Traits of Sociopathic Parents
At the most basic level, sociopathic parents aren’t warm and fuzzy. Cold, distant, and unwelcoming, he provides neither comfort nor affection. James Fallon, a neurobiologist who studies the brains of sociopaths and happens to be one himself, is one of the rare sociopaths who has sustained a marriage over time and helped raise children. He describes his feelings toward his children as indifferent, “[d]ominated less by warmth than by entertainment and intellectual interest.”
By sociopathic standards, Fallon is “loving parent of the year”. Other sociopath parents aren’t so kind and generous. The only true feeling sociopath parents have is anger, and they typically express it loudly and physically (Do Sociopaths Cry or Even Have Feelings?). Because the expressed anger is out of proportion to whatever induced it, children are left hurt, confused, and with a sense that the world is unpredictable, illogical, and unsafe. Antisocial parents teach their children that the world is chaotic and inconsistent.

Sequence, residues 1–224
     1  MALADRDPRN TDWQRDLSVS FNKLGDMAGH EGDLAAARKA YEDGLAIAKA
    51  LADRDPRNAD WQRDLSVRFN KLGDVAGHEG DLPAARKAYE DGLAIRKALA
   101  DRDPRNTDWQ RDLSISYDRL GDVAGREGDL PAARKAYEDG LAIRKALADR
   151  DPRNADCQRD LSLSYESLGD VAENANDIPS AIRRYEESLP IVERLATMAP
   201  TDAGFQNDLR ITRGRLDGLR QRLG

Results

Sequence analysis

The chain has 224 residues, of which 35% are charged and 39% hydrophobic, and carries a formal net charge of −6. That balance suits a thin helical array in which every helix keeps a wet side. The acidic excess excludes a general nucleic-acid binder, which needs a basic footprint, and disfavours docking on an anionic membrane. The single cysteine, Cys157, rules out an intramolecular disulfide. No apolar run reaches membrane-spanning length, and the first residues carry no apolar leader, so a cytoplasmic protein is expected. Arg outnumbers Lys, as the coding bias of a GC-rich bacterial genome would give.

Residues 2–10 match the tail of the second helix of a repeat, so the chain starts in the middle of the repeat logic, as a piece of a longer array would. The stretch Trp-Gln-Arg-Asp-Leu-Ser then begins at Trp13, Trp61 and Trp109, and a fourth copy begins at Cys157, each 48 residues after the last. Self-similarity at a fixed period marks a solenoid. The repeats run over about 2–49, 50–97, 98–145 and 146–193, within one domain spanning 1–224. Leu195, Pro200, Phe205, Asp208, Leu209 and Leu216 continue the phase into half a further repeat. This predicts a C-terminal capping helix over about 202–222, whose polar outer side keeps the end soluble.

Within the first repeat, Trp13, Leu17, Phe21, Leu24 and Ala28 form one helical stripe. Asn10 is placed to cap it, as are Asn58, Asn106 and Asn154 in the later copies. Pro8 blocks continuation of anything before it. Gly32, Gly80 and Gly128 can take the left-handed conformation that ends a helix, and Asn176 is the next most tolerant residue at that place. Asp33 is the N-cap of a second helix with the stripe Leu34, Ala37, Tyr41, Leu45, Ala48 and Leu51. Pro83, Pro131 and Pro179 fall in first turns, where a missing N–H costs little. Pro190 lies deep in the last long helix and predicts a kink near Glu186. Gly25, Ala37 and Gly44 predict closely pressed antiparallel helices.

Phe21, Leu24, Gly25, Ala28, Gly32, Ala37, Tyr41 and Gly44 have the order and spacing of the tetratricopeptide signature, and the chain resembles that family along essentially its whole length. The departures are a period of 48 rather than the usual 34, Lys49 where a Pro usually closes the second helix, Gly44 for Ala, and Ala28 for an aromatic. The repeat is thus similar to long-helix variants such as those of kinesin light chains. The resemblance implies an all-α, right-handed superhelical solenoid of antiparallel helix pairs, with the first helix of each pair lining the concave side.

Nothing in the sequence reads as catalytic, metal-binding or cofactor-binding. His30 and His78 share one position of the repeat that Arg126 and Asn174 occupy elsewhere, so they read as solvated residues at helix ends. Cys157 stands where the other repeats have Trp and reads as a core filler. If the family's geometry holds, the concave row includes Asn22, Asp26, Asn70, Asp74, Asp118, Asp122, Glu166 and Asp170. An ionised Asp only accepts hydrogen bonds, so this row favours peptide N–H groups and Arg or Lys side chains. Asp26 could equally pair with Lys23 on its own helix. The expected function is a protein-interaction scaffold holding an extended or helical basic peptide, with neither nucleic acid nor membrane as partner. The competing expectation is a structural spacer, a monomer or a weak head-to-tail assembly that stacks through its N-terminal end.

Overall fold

Sociopathic parents have other hallmark parenting traits that amount to psychological abuse:
- Lack of attachment, bonding, love
- Dismissiveness (because kids are boring)
- Disregard for the child’s welfare
- Harsh expectations and demands
- Neglect, often extreme
- Purposeful attempts to corrupt a child (exposure to pornography, encouraging delinquent behavior)
As if the sociopathic parent wasn’t bad enough, this parent is often a spouse or a partner. Co-parenting with a sociopath can be a daily challenge. In all parenting partnerships, there exists an ongoing need to negotiate and compromise; unfortunately, the sociopath neither negotiates nor compromises. Ever. Co-parenting with a sociopath creates a strained relationship that adds yet another layer of difficulty to family life (Co-Parenting With An Abuser: How to Help Your Kids, Yourself).